I dont know all the kids but I bet my mortgage if you look at the top performers they have fall back positions through family business. Good for them not so good for the ones dropped who gave everything for tennis. I can name a few of these kids now struggling to catch-up with their education

Agree about the pyramid structure. I do have a kid in tennis with one who dropped out. Kids who were once part of a talent pool are drifting. Further away thanks to the lta schemes. If they created a new policy they needed to think of how to support the kids left behind. This new policy will result in a large number dropping out.

Im all for lots of centres but I mean lots. What does a kid in Cornwall do? And what of the old high performance centres like Sutton or Gosling. There will be a mass exodus of players so maybe just maybe these centres will struggle to continue with performance. So local kids again will suffer.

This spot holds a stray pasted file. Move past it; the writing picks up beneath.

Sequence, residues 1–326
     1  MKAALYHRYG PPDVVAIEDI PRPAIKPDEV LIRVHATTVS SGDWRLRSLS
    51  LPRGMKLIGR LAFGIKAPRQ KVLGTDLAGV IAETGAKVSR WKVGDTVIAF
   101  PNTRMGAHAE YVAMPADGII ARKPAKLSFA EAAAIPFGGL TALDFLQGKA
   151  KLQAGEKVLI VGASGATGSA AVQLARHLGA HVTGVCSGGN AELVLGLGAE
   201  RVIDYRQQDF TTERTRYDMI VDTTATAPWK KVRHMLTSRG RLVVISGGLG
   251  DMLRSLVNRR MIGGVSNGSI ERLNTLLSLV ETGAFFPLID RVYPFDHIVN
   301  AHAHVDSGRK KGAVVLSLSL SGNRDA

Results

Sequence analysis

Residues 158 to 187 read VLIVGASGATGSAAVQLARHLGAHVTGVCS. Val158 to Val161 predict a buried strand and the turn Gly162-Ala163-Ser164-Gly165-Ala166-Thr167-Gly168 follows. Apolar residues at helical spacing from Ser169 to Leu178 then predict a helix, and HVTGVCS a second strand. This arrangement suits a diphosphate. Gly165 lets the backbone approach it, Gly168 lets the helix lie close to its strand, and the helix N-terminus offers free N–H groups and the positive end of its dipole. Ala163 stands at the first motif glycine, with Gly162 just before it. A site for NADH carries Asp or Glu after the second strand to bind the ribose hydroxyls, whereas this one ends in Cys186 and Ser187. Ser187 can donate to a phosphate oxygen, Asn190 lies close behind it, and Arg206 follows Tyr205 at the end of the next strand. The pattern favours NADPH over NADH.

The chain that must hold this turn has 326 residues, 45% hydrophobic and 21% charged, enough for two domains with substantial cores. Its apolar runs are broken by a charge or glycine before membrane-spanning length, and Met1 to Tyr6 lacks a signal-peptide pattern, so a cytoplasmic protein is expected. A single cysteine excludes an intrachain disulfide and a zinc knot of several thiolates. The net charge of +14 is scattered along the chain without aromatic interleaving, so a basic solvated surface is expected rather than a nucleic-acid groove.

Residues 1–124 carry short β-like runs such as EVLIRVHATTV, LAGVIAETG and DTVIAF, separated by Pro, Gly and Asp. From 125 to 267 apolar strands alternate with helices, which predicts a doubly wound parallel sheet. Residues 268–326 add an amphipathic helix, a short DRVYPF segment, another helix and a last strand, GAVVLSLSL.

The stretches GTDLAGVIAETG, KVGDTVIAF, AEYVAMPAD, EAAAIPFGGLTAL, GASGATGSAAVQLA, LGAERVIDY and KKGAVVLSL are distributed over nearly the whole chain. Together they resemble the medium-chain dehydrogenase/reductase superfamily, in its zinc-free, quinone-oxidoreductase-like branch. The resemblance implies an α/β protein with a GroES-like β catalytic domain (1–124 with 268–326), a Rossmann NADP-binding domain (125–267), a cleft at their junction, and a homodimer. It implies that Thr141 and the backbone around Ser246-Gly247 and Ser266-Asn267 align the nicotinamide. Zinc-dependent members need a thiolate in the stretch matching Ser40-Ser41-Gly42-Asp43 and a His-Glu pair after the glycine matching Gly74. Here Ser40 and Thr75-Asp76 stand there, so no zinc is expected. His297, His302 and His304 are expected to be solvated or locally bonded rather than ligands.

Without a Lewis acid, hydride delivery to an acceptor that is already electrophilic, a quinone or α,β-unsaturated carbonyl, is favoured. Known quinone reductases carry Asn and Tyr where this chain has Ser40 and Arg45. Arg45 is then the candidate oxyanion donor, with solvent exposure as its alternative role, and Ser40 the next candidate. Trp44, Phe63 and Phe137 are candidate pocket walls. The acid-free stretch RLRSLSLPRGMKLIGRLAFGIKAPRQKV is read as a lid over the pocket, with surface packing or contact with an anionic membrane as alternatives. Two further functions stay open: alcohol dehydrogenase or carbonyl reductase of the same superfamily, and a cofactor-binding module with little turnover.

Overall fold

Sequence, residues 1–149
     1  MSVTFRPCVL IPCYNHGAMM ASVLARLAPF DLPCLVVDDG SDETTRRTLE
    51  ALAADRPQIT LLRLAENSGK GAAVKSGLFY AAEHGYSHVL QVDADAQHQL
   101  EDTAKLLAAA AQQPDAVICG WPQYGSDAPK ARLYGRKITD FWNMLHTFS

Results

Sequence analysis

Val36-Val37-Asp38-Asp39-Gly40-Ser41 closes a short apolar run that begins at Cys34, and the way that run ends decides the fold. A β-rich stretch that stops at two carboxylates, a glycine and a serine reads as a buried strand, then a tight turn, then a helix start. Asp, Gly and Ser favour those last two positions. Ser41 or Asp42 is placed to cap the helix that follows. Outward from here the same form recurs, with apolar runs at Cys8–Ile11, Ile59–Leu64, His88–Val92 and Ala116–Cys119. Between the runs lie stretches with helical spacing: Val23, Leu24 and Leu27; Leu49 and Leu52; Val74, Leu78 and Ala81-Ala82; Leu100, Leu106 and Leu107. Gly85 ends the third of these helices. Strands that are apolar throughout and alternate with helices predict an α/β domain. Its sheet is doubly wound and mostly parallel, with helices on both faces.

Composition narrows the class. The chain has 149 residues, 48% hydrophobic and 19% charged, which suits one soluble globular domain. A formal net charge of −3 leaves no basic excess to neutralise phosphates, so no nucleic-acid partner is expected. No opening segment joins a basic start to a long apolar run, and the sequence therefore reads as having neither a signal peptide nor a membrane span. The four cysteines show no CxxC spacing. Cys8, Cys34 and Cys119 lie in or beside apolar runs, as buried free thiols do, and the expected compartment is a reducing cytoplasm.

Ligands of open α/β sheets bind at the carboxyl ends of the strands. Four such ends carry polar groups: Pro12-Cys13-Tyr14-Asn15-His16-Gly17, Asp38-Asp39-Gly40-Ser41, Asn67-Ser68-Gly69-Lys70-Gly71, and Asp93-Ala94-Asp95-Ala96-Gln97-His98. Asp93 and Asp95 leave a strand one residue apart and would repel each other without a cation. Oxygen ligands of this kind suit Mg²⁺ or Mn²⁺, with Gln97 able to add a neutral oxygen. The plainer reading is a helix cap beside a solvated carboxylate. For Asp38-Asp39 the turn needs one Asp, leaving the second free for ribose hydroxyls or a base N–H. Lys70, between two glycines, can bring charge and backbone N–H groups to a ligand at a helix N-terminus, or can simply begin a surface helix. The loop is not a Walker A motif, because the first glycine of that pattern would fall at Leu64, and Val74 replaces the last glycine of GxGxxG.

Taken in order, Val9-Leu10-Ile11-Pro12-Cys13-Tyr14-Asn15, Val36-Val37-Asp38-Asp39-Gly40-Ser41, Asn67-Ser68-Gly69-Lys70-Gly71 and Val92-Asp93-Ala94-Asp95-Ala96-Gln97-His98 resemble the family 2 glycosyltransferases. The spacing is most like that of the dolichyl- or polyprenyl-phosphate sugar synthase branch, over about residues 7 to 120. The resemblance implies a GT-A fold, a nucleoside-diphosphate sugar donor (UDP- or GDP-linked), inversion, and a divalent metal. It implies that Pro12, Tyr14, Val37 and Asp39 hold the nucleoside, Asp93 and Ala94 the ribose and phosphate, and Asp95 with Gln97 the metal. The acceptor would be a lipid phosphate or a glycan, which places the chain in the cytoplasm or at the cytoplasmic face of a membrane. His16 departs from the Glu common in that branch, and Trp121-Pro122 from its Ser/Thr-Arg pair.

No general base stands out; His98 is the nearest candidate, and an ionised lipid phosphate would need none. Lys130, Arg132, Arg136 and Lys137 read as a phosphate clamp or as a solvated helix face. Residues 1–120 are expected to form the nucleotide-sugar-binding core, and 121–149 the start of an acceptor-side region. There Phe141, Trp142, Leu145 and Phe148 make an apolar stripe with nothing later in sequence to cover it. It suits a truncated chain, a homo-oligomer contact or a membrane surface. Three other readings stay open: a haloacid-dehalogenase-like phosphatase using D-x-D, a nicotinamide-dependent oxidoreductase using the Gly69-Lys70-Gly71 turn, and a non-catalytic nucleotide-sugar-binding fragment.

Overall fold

Totally agree about not funding kids.

Finally this is why loads of kids go to American uni. We have centres now stating that they can get your kid into American uni. Why!! Because thats all they can offer now. The lta should be creating a uni structure here so we keep talent here in uk

Sorry my first ever posts are rants

Very nice to meet you all



-- Edited by Kolohead on Wednesday 13th of June 2018 08:35:24 AM



-- Edited by Kolohead on Wednesday 13th of June 2018 08:36:32 AM

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Tennis legend

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We love a good rant Kolo. So if the urge hits, you then go for it.  wink



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Tennis legend

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Welcome indeed, kolohead.

Many folk have long said ( quite rightly IMO ) that an ITF Junior ranking should be far from the be all and end all for a junior. Different strokes and all that and to be taken in the round.

And then along come the LTA basing entry to this programme on ITF ranking, totally making it important and as you say your chances of getting said ranking very much linked to family means ( and indeed the players' educational aspirations ).